Several DV and LAT casting items throughout late development and production named the following actors who appeared in roles that may have been uncredited: Charlotte Knight, who played a motel owner; George Neise as an onscreen film director; Gertrude Flynn as a nurse; Betty Gonzalez; Stanley Farrar; Joseph Mell; Holt Haggart; John Alvin; Jordan Shelley; Otto Malde; Paul Hartman; Robert Totten; and Guy Wilkerson. The 27 Oct 1965 Var also noted that voice actor Marvin Miller provided offscreen performances as both a newsreel commentator and a radio reporter.
       While some contemporary sources suggested Wood may perform her own singing, the 12 Apr 1965 DV and 17 Dec 1965 LAT confirmed her vocal tracks for “The Circus Is A Wacky World,” “A Happy Song,” and “You’re Gonna Hear From Me” were dubbed by Jackie Ward, who also doubled for the actress in The Great Race (1965, see entry). The “New York Sound Track” column of the 14 Apr 1965 Var claimed that the 1934 Edward Heyman and Dana Suesse song “You Out To Be In Pictures” was used on the film’s soundtrack.
       According to a 24 Nov 1965 Var news story, Inside Daisy Clover was scheduled for a special pre-release run beginning with a 22 Dec 1965 premiere at the Pantages Theatre in Hollywood, CA, to qualify for that year’s Academy Awards. Regular screenings resumed on 10 Feb 1966 at the Pix Theater across the street, and one week later at New York City’s Radio City Music Hall.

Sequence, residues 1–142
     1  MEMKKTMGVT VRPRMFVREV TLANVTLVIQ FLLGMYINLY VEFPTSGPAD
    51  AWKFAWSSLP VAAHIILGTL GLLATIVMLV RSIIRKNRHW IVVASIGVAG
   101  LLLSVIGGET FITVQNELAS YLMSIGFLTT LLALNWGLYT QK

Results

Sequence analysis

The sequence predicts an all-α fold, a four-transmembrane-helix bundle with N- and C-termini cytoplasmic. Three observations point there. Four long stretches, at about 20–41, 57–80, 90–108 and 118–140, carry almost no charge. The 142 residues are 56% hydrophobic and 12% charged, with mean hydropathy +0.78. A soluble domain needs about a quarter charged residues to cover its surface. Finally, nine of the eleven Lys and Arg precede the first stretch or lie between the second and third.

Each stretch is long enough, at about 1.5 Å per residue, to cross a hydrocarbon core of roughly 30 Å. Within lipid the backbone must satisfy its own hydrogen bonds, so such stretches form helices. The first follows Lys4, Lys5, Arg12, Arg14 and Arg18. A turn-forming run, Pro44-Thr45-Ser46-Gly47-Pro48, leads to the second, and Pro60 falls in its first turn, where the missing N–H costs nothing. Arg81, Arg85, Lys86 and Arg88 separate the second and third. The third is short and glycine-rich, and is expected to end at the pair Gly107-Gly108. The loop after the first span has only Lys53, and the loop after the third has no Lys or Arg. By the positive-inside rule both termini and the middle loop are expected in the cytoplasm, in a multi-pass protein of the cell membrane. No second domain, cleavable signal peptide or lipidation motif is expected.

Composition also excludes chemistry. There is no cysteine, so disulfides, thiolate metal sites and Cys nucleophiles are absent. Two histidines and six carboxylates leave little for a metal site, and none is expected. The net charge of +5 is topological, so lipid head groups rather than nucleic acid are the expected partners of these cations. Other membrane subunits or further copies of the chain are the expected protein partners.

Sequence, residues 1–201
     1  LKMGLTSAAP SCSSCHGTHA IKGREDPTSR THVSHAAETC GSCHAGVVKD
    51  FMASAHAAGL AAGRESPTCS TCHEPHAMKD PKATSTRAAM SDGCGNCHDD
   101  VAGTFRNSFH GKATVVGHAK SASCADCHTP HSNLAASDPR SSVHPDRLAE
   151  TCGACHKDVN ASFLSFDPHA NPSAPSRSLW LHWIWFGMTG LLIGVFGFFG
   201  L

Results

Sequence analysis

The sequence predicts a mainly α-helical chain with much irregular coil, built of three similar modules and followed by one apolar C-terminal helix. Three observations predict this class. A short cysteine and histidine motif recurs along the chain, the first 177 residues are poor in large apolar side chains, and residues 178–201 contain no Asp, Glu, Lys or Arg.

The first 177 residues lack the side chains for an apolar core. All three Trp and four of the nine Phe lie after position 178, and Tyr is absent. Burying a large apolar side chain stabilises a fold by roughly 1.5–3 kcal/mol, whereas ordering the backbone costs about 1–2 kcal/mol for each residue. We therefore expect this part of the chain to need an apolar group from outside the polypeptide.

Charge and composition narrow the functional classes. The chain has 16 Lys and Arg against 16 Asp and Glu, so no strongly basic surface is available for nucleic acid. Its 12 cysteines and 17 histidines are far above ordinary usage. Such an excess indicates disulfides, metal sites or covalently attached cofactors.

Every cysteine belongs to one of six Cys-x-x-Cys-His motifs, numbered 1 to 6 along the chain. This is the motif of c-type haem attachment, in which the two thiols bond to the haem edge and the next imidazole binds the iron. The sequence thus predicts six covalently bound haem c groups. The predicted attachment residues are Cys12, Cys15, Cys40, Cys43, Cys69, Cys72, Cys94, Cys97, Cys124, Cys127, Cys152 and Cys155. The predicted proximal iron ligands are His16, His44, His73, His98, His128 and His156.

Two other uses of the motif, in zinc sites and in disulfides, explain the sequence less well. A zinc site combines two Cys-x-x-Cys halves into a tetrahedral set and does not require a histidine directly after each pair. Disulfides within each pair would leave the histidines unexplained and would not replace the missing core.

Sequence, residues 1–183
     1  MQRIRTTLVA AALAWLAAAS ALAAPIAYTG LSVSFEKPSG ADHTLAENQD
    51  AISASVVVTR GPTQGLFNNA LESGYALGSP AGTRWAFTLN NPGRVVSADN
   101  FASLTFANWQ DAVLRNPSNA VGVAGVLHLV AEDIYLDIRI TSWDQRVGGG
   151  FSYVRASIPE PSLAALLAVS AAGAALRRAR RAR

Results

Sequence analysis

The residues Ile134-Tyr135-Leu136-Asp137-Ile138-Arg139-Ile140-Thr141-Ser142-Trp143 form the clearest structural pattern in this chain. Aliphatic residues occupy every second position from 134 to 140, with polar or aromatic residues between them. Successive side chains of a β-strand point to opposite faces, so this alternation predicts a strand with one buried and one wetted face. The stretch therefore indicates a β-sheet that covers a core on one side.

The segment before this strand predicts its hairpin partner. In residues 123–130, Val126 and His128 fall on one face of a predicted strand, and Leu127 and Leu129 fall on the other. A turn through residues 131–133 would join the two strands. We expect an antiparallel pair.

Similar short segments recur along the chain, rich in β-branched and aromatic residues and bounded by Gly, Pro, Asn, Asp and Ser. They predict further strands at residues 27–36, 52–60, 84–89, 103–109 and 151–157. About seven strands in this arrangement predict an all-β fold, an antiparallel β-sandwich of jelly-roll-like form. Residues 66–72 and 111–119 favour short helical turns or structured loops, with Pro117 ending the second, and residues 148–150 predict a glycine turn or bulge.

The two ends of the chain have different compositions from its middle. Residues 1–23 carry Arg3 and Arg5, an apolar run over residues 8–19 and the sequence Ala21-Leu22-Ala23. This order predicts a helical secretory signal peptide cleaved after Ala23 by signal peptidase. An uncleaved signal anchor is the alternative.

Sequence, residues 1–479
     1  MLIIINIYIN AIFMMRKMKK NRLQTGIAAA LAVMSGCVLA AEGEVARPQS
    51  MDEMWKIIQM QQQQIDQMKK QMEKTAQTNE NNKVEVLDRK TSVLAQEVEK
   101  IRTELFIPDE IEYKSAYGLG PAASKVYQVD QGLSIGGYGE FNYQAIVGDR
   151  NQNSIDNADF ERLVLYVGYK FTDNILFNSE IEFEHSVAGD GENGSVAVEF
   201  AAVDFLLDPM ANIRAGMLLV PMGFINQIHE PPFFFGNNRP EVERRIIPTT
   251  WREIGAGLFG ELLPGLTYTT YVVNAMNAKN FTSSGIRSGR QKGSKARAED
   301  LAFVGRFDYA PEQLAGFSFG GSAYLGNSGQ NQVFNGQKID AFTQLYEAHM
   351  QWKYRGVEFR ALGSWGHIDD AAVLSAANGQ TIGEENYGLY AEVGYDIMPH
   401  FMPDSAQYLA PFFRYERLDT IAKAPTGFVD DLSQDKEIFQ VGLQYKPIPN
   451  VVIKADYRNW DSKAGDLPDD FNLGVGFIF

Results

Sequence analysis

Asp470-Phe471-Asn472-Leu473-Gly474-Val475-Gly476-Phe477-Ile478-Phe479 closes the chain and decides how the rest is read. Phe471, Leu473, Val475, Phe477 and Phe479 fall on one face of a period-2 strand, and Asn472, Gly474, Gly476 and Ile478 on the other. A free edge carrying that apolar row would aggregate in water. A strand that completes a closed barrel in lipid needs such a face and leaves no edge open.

Inside Daisy Clover was nominated for three Academy Awards in the categories of Actress in a Supporting Role (Ruth Gordon), Art Direction (Color), and Costume Design (Color). Gordon’s performance earned her a Golden Globe Award for Best Performance by an Actress in a Supporting Role in Any Motion Picture, and Robert Redford was honored as New Star of the Year – Actor. Although several contemporary articles referred to this as his first film role, Redford previously appeared in Situation Hopeless—But Not Serious, which was released a few months earlier (1965, see entry), and War Hunt (1962, see entry). Wood also received a nomination for Actress in a Leading Role – Musical or Comedy. More Less

BIBLIOGRAPHIC SOURCES
SOURCE
DATE
PAGE
Daily Variety
18 Jun 1963
p. 3.
Daily Variety
2 Aug 1963
p. 3.
Daily Variety
12 Nov 1963
p. 2.
Daily Variety
17 Dec 1964
p. 1.
Daily Variety
4 Mar 1965
p. 3.
Daily Variety
5 Mar 1965
p. 8.
Daily Variety
24 Mar 1965
p. 6.
Daily Variety
1 Apr 1965
p. 4.
Daily Variety
12 Apr 1965
p. 2.
Daily Variety
12 Apr 1965
p. 4.
Daily Variety
15 Apr 1965
p. 16.
Daily Variety
16 Apr 1965
p. 5.
Daily Variety
19 Apr 1965
p. 4.
Daily Variety
26 Apr 1965
p. 4.
Daily Variety
28 Apr 1965
p. 4.
Daily Variety
4 May 1965
p. 4.
Daily Variety
6 May 1965
p. 4.
Daily Variety
10 May 1965
p. 6.
Daily Variety
12 May 1965
p. 4.
Daily Variety
24 May 1965
p. 11.
Daily Variety
1 Jun 1965
p. 4.
Daily Variety
2 Jun 1965.
---
Los Angeles Times
18 Jun 1963
Section D, p. 11.
Los Angeles Times
22 Mar 1965
Section C, p. 19.
Los Angeles Times
17 Apr 1965
Section B, p. 9.
Los Angeles Times
17 Dec 1965
Section E, p. 22.
Los Angeles Times
23 Dec 1965
Section C, p. 8.
Los Angeles Times
8 Feb 1966
Section C, p. 9.
New York Times
19 Dec 1965
Section X, p. 3, 5.
New York Times
18 Feb 1966
p. 23.
Variety
26 Jun 1963
p. 24.
Variety
28 Oct 1964
p. 21.
Variety
16 Dec 1964
p. 20.
Variety
14 Apr 1965
p. 13.
Variety
14 Apr 1965
p. 69.
Variety
19 May 1965
p. 26.
Variety
26 May 1965
p. 24.
Variety
9 Jun 1965
p. 18.
Variety
27 Oct 1965
p. 22.
Variety
24 Nov 1965
p. 20.
CAST
PRODUCTION CREDITS
NAME
PARENT COMPANY
PRODUCTION COMPANY
PRODUCTION TEXT
A Pakula-Mulligan Production
DISTRIBUTION COMPANY
NAME
CREDITED AS
CREDIT
DIRECTORS
Asst dir
1st & 2nd asst dir
PRODUCER
WRITER
PHOTOGRAPHY
Cam op
Asst cam
Asst cam
Gaffer
Stills
ART DIRECTORS
Asst art dir
FILM EDITORS
Film ed
Montage
SET DECORATORS
Set coordinator
Prop master
COSTUMES
Cost des
Natalie Wood's ward des
Ladies' cost
Ladies' cost
Men's ward